While Japan’s tradition in bamboo art is centuries long, the art form has not received as much academic attention as one might expect. That being said, there are great publications about Japanese bamboo art available to those interested in learning more about this medium’s artists, works, and history. Although several of these books are out of print, they can still be found online and in library collections. We particularly recommend those written by our gallery’s founder and by our Director of Japanese Art, Rob Coffland and Koichiro Okada respectively.
Here are a few suggestions to bolster your libraries:
Contemporary Japanese Bamboo Arts by Robert T. Coffland, 2000
Twenty of Japan’s leading bamboo artists are featured in portraits and through their stunning bamboo baskets and sculptures. The artists include two Living National Treasures of Japan, as well as artists of traditional and contemporary styles. The author gives the reader the necessary background information to understand how this art form evolved over the last 150 years and the current challenges the field faces. Included are beautiful photographs by Pat Pollard and portraits by Art Streiber.
Hin: The Quiet Beauty of
Japanese Bamboo Art by Robert T. Coffland
Hin celebrates the work of 37 modern Japanese bamboo basket makers. Included are two essays, one discussing Japanese baskets as an art form, and another on bamboo collecting in the west. Photographs illustrate the stunning detail of each piece. Also included is an index of artists and their biographies.
Modern Twist: Contemporary Japanese Bamboo Art by Andreas Marks
Modern Twist explores the evocative, sensual, and sculptural power of contemporary bamboo art. Although bamboo is an abundant natural resource, it is a challenging artistic medium with fewer than 100 professional bamboo artists living in Japan today. Mastering the art form requires decades of meticulous practice while learning how to harvest, split, and plait the bamboo. Modern Twist features 17 of these artists and 38 of their innovative and imaginatively crafted sculptures.
Baskets: Masterpieces of Japanese Bamboo Art 1850-2015 by Joe Earle, with photography by Bertrand Stark, 2017
This authoritative catalog features 323 works from the Naej Collection, which is especially strong in works by leading artists from 1850 to 1950, when great craft dynasties were established and first Osaka and then Tokyo emerged as major centers of artistic basketry. The catalog breaks new ground by combining dramatic photography with precious documentary information drawn from signatures and inscriptions, making it not merely the visual record of a great collection but the essential reference work for a developing field of connoisseurship.
New Bamboo: Contemporary Japanese Masters by Joe Earle, 2008
This stunning book celebrates contemporary Japanese masters whose imaginative works are changing the definition of basketry. Focusing on bamboo artists working in sculptural forms, Joe Earle argues that today’s bamboo sculpture reaches beyond its craft roots to abandon functionality, while maintaining meticulous attention to the rigorous technical skill on which Japanese basketry was founded. New Bamboo sheds light on the complex relationship between past and present cultures.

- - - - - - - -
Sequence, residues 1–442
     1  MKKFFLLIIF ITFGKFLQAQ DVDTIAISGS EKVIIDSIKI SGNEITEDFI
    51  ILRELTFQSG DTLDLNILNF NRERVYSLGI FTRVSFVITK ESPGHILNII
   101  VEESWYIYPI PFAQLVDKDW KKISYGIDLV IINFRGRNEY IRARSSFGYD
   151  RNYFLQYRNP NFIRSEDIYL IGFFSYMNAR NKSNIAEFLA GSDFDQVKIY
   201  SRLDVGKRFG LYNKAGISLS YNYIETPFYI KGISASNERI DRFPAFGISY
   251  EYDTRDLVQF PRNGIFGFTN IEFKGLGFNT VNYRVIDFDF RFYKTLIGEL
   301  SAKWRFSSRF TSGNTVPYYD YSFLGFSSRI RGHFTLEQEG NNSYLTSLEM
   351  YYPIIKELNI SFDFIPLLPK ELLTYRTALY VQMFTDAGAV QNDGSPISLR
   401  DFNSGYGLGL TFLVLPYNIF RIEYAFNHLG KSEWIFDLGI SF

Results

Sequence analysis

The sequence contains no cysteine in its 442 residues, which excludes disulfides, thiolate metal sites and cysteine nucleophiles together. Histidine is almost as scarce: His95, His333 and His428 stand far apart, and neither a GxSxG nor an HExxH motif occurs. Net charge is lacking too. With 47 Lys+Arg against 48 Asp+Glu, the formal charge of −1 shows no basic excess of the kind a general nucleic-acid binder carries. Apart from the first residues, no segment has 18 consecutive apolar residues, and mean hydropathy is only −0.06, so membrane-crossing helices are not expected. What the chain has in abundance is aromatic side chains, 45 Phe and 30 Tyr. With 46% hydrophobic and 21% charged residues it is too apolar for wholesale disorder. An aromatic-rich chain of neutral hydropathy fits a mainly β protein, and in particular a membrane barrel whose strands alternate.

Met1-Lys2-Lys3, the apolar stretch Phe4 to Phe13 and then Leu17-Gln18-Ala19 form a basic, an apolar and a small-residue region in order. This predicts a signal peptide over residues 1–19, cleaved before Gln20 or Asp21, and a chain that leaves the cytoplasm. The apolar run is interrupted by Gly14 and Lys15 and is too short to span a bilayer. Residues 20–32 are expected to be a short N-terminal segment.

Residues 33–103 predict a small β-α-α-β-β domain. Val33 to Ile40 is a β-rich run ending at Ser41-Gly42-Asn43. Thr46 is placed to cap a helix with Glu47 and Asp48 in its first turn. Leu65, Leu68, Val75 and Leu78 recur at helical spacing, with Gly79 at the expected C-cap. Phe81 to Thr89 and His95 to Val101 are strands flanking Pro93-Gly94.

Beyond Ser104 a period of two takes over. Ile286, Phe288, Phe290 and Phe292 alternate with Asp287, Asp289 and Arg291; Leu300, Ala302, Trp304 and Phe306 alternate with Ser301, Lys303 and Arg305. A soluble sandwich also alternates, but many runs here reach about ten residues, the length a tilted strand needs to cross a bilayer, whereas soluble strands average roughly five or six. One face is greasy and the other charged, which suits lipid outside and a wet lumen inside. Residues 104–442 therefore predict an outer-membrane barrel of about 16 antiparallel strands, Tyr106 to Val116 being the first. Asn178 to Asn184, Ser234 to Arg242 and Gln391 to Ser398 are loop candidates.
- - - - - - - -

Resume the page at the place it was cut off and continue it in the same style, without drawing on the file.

Masters of Bamboo: Artistic Lineages in the Lloyd Cotsen Japanese Basket Collection by Melissa M. Rinne in consultation with Koichiro Okada, 2008
In this book accompanying the exhibition Masters of Bamboo: Japanese Baskets and Sculpture from the Cotsen Collection, exhibition curator Melissa Rinne, in consultation with bamboo specialist Koichiro Okada, provides an overview of the art form. She also traces the network of master-disciple influences that constitute major lineages– or lines of artistic transmission– from 19th-century artists through those active today.
Japanese Bamboo Baskets: Masterworks of Form and Texture with essays by Lloyd Cotsen, et.al., 1999
This is the first book in English to examine bamboo baskets as modern sculptural masterpieces and to chronicle the development of Japanese flower-arranging baskets from utilitarian containers through their subsequent transformation into art. Surveying 19th and 20th century baskets of Japan and their place in history, it features more than 250 illustrations.
Fendre L’Air catalogue in English and French by Stephane Martin, et al., 2019
The Fendre L’Air exhibition at the Musee du Quai Branly Jacques Chirac brought together 160 works paying tribute to the art of bamboo basketry.
This was the first exhibition in France dedicated to Japanese bamboo basketry, gathering treasures produced by amazingly inventive artists. Sometimes stripped of all functionality, the most contemporary basketry becomes pure sculpture, making for a profoundly original artistic field.
Japanese Bamboo Art: The Abbey Collection by Monika Bincsik afterword by Moroyama Masanori
This catalogue accompanies the exhibition at The Metropolitan Museum of Art. It provides an overdue introduction to exquisite works, which represent a cultural tradition stretching back hundreds of years. The works illustrated and discussed are exceptional for their broad representation of many notable bamboo masters, and highlight key stages in the modern history of Japanese bamboo art.
TAI Modern catalogues are available on ISSUU.com or in hard copy by calling or emailing the gallery.